“I would think we need a long-term better solution to this – but it’s all wishful thinking,” Shanahan says of the housing crisis.
“I’ll believe it when I see it.”
On the night we went out with ICCH, the homeless figures for October had not yet been released. They were eventually published on 3 December – Tuesday of this week – and showed a total of 10,514 homeless people across the country.
That was an increase of 117 on September’s figures, which Minister for Housing Eoghan Murphy said “was expected following the introduction of new emergency beds in the Dublin region recently”.
Anthony Flynn of ICCH said in the wake of the publication of the October homelessness figures that the situation is “completely out of control”.
The Dublin Region Homeless Executive (DRHE) has made 156 extra beds available for the past month until the end of December on a phased basis.
Other plans for winter include increased staffing on outreach services by the Dublin Simon Community and the DRHE rough sleeper support team. There are also more emergency beds and support measures on hand in case of extreme weather events.
Wayne, who has been homeless for around six months, takes a few minutes to talk outside Store Street Garda Station. He has spent the past couple of hours wandering the streets and is heading into the station in search of warmth.
Three other homeless men are inside – one wrapped in a sleeping bag huddled by the door, one staring out the window and a third lying near the desk.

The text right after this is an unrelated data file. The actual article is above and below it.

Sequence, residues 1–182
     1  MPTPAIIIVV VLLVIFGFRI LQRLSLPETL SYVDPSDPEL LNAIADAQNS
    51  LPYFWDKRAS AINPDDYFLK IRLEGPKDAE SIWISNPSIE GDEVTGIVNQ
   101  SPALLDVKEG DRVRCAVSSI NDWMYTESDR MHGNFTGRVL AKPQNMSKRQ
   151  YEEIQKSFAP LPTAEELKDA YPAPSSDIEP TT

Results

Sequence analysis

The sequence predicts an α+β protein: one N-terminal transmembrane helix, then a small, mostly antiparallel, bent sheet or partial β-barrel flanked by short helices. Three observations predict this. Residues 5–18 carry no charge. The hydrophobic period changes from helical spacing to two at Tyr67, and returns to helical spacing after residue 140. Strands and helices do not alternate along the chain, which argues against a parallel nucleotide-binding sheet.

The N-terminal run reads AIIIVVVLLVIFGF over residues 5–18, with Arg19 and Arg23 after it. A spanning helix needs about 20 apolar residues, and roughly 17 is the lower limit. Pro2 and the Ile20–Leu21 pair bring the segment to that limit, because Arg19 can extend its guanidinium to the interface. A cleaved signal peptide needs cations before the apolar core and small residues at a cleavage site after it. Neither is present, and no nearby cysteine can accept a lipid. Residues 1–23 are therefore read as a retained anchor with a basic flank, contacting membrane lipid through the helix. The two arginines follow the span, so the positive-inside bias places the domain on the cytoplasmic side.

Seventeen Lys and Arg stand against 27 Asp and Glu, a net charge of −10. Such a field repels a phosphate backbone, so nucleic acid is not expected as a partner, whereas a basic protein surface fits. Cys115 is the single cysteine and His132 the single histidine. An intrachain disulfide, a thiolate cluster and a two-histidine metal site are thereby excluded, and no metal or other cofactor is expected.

In order to get some shelter, Wayne tells us he spends his days travelling between counties like Dublin, Wexford and Galway on public transport.
“I’ve been going around because I’ve no address anymore and I can’t get any money,” he says.
“I’m on the trains and buses just to keep myself bloody warm.” he says, adding that he’s always treated kindly by transport workers.
“I’ve so many friends – I know a lot of people working on the trains and everyone working on the buses because I’m always on them,” he says.
Asked how he’s feeling about the coming winter months he says: “I am worried about the cold. It kills me.”
As we head back towards the office at about 12.45am, we find a crowd of four of five people near Connolly Station. The team begin to distribute food.
One of the volunteers Peter says they “rarely see people that young”, gesturing to the group of three who have just approached the team. They look no older than 16.